On the opposite frieze, the proud returning Roman soldiers hoist the spoils from the temple of Jerusalem. Hundreds of years later, the silver trumpets and Table of Shewbread remain clearly visible. Most impressively, however, is the enormous seven-branched menorah that lies in the center of this relief, obviously the most glorious item in the entire triumph. The prisoners of war march dejectedly before the soldiers, anticipating their approaching death.
The outside of the arch may have originally contained additional friezes showing the triumph. The arch, however, was incorporated into a wall of the Frangipane family in the middle ages when large, powerful families were battling for control of Rome. Although the outside of the arch was destroyed in the process, and even more was significantly damaged in wars of the 12th and 13th centuries, in many ways the wall around the arch served to conserve this monument just as other structures throughout Rome built over ancient structures served to preserve them.http://www.antiquemap sandprints.com/TURNER.htm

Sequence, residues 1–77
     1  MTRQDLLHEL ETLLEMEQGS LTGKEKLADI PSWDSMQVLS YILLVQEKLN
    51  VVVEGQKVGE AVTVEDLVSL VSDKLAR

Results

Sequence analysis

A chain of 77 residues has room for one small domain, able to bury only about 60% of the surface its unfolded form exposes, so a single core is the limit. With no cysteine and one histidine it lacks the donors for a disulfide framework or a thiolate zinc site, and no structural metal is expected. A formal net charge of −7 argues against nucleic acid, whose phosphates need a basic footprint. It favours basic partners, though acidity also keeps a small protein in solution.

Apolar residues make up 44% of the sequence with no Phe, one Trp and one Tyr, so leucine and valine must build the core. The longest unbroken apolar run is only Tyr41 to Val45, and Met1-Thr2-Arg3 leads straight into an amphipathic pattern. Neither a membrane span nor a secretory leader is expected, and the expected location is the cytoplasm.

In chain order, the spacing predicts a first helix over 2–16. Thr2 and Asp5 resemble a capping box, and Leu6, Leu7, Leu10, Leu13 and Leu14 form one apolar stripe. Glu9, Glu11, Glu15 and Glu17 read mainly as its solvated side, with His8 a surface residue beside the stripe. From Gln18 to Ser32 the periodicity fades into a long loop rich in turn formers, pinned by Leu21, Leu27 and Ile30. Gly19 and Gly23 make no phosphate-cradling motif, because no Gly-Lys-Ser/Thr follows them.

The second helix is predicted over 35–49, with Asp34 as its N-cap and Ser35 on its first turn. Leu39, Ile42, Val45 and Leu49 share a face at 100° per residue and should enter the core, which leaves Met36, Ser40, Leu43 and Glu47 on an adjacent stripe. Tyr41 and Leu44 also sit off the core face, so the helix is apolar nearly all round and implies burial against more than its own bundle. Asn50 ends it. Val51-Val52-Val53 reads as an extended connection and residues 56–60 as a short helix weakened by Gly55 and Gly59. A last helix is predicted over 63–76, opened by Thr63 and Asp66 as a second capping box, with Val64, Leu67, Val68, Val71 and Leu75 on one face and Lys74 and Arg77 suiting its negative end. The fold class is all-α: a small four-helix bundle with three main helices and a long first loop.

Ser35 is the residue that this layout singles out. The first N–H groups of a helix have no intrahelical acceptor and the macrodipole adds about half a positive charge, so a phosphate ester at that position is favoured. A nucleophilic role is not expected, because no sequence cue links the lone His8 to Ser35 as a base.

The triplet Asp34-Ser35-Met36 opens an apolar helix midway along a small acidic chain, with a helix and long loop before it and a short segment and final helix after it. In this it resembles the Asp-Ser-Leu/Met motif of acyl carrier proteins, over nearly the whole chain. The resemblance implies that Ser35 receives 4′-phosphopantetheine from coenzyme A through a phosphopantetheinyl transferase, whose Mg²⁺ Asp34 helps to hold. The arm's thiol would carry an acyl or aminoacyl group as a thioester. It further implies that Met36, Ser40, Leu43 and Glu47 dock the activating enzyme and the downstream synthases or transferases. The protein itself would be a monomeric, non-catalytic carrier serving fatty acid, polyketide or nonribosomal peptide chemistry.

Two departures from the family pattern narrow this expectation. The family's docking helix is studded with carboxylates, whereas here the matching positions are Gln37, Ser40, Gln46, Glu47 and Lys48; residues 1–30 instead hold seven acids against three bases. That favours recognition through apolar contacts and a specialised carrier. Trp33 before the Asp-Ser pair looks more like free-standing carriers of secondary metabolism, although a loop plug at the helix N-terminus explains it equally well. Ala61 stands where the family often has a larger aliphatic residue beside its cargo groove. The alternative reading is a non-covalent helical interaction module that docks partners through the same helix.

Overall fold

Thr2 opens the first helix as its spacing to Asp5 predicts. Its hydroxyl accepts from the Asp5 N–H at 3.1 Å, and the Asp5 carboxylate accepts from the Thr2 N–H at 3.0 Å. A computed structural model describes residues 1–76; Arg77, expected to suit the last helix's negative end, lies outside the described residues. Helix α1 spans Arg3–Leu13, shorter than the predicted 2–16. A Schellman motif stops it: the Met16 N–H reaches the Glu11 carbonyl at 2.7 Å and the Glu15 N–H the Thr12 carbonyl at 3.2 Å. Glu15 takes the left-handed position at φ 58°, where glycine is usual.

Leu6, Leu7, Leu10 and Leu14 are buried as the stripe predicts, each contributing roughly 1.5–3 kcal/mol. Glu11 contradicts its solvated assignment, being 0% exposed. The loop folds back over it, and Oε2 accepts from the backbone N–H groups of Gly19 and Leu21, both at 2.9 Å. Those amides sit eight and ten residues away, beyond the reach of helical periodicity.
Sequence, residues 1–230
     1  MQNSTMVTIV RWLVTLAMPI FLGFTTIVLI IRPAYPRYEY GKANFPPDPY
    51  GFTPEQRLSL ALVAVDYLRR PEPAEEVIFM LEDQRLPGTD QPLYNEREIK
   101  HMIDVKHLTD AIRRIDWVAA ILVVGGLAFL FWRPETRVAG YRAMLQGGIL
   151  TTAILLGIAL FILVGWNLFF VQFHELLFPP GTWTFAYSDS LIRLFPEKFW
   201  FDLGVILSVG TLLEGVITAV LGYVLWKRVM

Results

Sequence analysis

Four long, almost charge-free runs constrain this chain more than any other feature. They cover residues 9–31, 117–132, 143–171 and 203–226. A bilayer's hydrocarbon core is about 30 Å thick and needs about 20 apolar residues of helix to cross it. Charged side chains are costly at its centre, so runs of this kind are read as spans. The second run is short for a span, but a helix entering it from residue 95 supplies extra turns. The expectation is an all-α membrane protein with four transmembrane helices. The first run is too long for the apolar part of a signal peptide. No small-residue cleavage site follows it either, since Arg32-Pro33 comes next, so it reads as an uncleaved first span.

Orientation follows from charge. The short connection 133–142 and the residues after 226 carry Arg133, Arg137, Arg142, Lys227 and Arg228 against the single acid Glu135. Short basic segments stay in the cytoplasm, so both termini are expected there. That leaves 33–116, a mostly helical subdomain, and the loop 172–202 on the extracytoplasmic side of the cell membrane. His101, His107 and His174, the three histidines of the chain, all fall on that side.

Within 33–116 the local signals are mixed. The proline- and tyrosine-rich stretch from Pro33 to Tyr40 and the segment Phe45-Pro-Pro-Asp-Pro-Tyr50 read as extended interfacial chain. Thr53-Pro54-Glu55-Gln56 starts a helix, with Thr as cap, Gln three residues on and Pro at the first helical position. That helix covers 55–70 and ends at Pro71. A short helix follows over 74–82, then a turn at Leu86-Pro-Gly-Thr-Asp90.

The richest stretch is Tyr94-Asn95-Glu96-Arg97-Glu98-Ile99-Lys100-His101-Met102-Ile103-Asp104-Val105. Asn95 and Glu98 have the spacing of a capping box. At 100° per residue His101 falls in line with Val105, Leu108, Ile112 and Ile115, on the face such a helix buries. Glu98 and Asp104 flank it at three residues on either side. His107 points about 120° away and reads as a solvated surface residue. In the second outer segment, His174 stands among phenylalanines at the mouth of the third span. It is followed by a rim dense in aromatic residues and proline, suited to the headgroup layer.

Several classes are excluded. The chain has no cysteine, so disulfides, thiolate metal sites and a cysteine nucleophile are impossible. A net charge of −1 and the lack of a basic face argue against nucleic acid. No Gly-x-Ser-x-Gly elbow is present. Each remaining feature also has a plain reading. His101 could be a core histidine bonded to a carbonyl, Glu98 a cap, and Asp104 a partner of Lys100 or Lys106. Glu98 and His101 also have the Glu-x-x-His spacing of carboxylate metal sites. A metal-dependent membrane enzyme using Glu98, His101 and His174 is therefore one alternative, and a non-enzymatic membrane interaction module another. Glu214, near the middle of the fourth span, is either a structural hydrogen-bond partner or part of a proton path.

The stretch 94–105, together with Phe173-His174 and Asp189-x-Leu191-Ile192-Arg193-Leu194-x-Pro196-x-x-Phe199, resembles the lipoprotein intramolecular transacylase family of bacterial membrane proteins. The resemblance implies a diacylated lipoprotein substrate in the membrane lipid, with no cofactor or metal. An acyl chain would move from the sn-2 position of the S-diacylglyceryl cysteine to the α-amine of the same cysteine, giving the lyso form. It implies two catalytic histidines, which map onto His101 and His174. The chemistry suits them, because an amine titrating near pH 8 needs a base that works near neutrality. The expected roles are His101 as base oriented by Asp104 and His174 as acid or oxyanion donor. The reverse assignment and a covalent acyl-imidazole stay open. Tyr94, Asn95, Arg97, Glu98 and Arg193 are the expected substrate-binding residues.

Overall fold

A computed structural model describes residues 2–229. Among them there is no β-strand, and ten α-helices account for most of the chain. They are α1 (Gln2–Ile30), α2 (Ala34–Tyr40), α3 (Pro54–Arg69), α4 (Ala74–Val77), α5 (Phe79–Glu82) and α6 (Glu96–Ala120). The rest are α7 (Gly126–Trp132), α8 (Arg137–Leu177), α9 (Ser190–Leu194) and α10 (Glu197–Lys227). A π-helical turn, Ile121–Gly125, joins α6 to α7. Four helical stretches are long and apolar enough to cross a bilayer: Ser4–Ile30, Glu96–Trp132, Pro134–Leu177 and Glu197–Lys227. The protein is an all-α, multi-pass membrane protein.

Arch of Titus Incorporated into Frangipane Wall
Arch of Titus Incorporated into Frangipane Wall
The arch itself ascends over the Via Sacra at its highest point. Approaching the arch from the East, one walks on the Via Sacra traveling along the exact route of the ancient triumphs. Deep grooves from chariots traveling this busy road remain in the large stones of which it was paved long ago.
Etruscan portals are credited as the predecessors to the triumphal arches. Although great speculation takes place over the role of different parts of Etruscan life, little is known for certain, but the portals probably served as passageways into and out of their great cities.